• Classification and Bounding-box regression: For each RoI r, the network produces two output vectors: softmax class probabilities and per-class bounding-box regression offsets relative to r.
  • Post-processing: For each object class, assign detection confidence to r using the estimated probability of that class. Then perform non-maximum suppression independently for each class using the algorithm and settings from R-CNN.

The RoI pooling layer

The RoI layer is simply the special case of the spatial pyramid pooling layer used in SPPNet in which there is only one pyramid level. Each RoI is defined by a four-tuple (r, c, h, w) that specifies its top-left corner (r, c) and its height and width (h, w). RoI max-pooling works by dividing the h×w RoI window into a H×W grid of sub-windows of approximate size h/H ×w/W and then max-pooling the values in each sub-window into the corresponding output grid cell. Pooling is applied independently to each feature map channel, as in standard max pooling.

Initializing from pre-trained CNNs

The pre-trained CNN undergoes three transformations:

  • The last max-pooling layer is replaced by an RoI pooling layer that is configured by setting H and W to be compatible with the net’s first fully connected layer (e.g., H = W = 7 for VGG16). Similar to SPPNet but only with one pyramid level (H×W).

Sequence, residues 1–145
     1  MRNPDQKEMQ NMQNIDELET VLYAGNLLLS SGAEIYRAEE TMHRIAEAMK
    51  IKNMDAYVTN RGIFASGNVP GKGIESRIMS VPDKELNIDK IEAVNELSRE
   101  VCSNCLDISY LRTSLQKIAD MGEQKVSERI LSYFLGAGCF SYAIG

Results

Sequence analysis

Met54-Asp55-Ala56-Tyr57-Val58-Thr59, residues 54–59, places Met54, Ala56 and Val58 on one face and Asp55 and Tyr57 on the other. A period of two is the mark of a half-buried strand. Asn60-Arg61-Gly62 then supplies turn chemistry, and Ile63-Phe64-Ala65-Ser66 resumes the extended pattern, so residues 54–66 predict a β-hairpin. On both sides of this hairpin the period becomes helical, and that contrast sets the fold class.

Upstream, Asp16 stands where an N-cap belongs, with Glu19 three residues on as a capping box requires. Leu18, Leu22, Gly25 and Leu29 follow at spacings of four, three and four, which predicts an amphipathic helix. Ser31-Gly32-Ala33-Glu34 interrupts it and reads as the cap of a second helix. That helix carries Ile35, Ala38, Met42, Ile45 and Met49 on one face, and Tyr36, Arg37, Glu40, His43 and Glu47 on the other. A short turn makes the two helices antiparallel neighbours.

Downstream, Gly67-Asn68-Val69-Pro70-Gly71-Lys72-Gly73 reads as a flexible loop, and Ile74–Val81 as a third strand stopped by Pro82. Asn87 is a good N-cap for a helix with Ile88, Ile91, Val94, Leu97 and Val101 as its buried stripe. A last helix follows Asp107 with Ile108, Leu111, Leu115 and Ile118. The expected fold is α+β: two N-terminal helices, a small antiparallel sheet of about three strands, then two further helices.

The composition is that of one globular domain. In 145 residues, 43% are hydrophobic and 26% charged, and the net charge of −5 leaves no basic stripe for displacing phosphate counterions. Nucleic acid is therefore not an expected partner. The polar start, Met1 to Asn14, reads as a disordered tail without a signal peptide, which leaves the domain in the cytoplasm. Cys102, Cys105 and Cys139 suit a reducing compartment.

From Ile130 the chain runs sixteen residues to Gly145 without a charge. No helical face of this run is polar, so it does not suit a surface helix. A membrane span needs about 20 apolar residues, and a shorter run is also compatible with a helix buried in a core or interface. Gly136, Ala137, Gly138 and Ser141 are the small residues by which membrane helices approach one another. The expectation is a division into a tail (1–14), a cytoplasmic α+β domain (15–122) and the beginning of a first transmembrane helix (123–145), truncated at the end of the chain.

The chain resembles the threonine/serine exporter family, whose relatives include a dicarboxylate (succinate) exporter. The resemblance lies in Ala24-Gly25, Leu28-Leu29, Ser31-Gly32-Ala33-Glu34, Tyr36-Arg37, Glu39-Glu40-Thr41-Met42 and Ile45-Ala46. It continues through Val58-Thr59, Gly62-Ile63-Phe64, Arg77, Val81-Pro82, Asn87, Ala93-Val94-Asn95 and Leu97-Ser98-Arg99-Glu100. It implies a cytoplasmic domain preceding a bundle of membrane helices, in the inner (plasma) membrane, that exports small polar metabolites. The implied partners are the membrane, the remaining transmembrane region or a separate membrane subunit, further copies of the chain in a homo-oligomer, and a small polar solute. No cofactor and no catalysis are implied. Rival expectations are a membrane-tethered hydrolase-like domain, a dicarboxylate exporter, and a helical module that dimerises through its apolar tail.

• The network’s last fully connected layer and softmax are replaced with the two sibling layers: (1) a fully connected layer and softmax over K+1 categories; (2) category-specific bounding-box regressors. With these two new layers, the class-specific SVMs and box regressor won’t be required anymore.
  • The network is modified to take two data inputs: a list of images and a list of RoIs in those images.

CNN domain-specific fine-tuning

Each training RoI is labeled with a ground-truth class u and a ground-truth bounding-box regression target v.

  • Foreground (positive) examples: Object proposals that have ≥ 0.5 IoU overlap with a ground-truth bounding box.
  • Background (negative) examples: Object proposals that have a maximum IoU with ground truth in the interval [0.1, 0.5).

Fast R-CNN uses a streamlined training process with one fine-tuning stage that jointly optimizes a softmax classifier and bounding-box regressors using a multi-task loss: